aqueous phase was concentrated with micro concentrators, precipitated by silica suspension/glass milk
(Gene Clean Spin Wash) (Shinoda et al.2006; Thomas et al. 2004). Some commercial kits are also
available which are dedicated for the extraction of ancient DNA such as Gene Clean Spin Kit for
Ancient DNA (BIO101). Another study shows that sodium-acetate-isopropanol extraction was possibly
better than phenol-chloroform method which gives three times more yield than glass milk method
(Hanni et al. 1995). One more protocol was published, in which Dextran blue is used, for removing
PCR inhibitors with selective ethanol precipitation (Kalmar et al. 2000).
Despite the availability of several methods for the analysis of ancient DNA samples, still the problems
of extraction and amplification remains obscure. The efficiency of every protocol has its own
limitations, depending upon the condition of the experimental specimen. We have observed that the
main problem dealing with ancient DNA is the unsuccessful/irreproducible amplification. Sometimes
we succeed to amplify some samples; however, these samples are not reproducible after some hours.
This may be due to generation of some sort of inhibitors in the DNA solution over the time. Even if
one gets the fair amount of DNA, no one can predict that it can be amplified owing to accumulation
of several PCR inhibitors. Every extract coming from these precious specimens is worthy and we
cannot thrust them aside.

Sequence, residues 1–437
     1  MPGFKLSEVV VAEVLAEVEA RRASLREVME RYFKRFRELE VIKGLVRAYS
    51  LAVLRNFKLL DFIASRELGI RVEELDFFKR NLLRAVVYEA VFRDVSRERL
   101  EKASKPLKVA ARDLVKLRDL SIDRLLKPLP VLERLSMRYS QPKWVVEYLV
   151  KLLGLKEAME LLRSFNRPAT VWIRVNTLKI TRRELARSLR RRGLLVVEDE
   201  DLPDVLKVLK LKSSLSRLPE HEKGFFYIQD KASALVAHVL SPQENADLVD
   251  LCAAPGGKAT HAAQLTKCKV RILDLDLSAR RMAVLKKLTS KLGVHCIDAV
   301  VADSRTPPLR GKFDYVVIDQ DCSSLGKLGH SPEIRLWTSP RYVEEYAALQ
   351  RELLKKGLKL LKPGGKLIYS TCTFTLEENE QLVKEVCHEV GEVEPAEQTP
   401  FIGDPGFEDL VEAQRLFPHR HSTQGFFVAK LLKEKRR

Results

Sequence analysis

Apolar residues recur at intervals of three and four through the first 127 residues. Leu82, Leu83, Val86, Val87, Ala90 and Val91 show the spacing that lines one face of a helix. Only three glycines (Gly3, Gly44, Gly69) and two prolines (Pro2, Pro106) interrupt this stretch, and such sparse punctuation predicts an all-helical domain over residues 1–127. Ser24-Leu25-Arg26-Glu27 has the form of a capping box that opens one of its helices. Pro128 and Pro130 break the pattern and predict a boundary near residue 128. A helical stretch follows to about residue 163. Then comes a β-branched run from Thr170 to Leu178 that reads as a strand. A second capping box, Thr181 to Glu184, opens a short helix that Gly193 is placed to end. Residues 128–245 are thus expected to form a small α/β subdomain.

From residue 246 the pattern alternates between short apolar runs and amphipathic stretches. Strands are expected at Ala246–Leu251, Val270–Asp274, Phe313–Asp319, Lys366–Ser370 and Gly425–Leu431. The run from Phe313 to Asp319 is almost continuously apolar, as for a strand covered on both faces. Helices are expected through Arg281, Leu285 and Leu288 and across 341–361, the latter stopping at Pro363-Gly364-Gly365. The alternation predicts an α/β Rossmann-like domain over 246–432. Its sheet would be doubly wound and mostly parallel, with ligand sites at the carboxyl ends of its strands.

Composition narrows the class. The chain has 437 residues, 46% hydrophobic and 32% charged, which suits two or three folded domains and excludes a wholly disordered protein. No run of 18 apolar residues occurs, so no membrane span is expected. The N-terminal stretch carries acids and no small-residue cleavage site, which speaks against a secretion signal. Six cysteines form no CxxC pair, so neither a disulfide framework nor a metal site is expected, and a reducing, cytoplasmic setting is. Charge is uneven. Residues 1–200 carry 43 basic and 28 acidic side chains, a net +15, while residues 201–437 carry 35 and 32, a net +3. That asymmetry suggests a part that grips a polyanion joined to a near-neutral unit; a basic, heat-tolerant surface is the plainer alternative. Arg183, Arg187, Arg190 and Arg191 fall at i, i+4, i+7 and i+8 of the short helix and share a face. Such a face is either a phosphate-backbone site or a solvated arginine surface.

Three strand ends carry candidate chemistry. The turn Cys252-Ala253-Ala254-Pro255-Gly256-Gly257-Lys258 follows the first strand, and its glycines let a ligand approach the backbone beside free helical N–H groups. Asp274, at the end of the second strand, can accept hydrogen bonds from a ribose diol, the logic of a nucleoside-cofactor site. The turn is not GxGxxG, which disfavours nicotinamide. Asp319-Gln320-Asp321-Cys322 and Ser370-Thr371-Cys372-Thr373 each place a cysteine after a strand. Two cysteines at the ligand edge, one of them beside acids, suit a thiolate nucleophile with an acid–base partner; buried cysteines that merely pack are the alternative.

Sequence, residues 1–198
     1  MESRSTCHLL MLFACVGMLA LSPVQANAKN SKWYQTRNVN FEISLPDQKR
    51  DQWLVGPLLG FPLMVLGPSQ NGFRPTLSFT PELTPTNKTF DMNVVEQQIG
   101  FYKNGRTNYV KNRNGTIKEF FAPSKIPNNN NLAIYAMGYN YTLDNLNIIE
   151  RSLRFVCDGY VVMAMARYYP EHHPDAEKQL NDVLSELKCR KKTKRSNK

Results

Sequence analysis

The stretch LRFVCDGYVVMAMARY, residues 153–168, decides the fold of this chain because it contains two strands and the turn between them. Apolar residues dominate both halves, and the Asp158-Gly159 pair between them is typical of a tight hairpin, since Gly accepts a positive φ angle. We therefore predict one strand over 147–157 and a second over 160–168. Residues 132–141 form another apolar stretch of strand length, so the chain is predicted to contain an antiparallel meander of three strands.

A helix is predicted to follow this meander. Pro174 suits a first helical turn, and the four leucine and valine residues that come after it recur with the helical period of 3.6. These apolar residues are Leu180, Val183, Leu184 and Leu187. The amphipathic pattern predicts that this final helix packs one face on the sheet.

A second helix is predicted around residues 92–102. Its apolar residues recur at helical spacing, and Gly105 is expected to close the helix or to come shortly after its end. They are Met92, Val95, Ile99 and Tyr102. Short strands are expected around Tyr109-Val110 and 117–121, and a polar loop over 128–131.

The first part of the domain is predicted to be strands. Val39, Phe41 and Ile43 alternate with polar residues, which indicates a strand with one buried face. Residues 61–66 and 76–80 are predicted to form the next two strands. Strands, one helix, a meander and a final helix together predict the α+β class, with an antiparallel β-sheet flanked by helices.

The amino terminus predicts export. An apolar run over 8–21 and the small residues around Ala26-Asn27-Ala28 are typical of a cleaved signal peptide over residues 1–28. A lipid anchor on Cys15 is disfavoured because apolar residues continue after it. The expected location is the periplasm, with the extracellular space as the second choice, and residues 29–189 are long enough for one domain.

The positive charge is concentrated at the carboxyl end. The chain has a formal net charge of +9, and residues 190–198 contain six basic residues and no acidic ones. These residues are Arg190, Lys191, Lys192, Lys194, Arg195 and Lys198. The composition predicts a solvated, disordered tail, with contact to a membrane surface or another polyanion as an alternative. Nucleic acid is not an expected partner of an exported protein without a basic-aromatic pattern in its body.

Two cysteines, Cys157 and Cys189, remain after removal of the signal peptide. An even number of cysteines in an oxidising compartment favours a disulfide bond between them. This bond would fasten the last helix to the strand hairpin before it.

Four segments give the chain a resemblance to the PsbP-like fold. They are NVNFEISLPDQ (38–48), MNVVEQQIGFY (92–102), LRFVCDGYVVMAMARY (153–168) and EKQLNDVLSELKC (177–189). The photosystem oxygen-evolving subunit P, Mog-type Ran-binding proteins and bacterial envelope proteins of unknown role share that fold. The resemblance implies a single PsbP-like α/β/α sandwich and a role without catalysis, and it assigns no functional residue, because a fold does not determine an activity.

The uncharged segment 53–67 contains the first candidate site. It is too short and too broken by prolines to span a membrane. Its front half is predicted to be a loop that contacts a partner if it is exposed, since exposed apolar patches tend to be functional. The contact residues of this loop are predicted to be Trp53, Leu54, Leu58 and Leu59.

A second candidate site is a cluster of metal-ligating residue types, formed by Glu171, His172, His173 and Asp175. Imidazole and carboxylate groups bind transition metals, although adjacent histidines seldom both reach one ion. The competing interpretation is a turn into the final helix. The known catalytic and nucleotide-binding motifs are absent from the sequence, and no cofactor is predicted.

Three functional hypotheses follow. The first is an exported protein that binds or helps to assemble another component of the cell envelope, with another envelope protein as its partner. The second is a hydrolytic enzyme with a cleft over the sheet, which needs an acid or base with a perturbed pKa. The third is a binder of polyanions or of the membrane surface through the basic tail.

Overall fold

Therefore, we have been trying to develop a simple protocol to overcome the PCR problem and
successfully developed a simple and efficient re-precipitation method for ancient DNA amplification. A
very simple and efficient re-precipitation method is described in this study for the purification of DNA
from ancient bone samples. In our adjudication this protocol is better in so many perspectives like; reuse of the extracts which were not giving amplification but DNA is there, loss of DNA in the process
is very less, no involvement of hazardous organic solvents, special devices, or enzymes which increases
the possibility of contamination and DNA degradation.
MATERIALS AND METHODS
Ancient specimens
Ancient Human bone samples were kindly provided by Anthropological Survey of India and all
experiment was performed in ancient DNA laboratory of the Centre for Cellular and Molecular
Biology (CCMB), Hyderabad. These samples are derived from Himalayan region of India and was
preserved at 4C for further work
Contamination Precautions
Standard contamination precautions strictly followed in ancient DNA studies were performed during
the experiments (Paabo et al. 2004; Kalmar et al. 2000; Willerslev and Cooper 2005; Kemp. and Smith
et al.2005; Kaestle and Horsburgh 2002; Cappellini et al.2004; Shinoda et al.2006; Thomas et al.2004;
Kemp and Smith 2005; Willerslev , Hansen . and Poinar 2004).
DNA Extraction
About 3 mm of cortical bone surface is removed with a sterile scalpel from all samples, followed by
immersion in 10% bleach solution for 10 min and washing with 70% alcohol. The cleaned bone
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Pandey at Alii Ethanol re-precipitation removes PCR inhibitors

fragments were mechanically pulverized into a fine meal in sterile pestle-mortar. The samples (500mg)
were then soaked in 5ml of 0.5M EDTA (pH 8.0) with 200l of 20mg/ml Proteinase K and 120l of
10% SLS (Sodium Lauryl Sulphate) at 55C for overnight.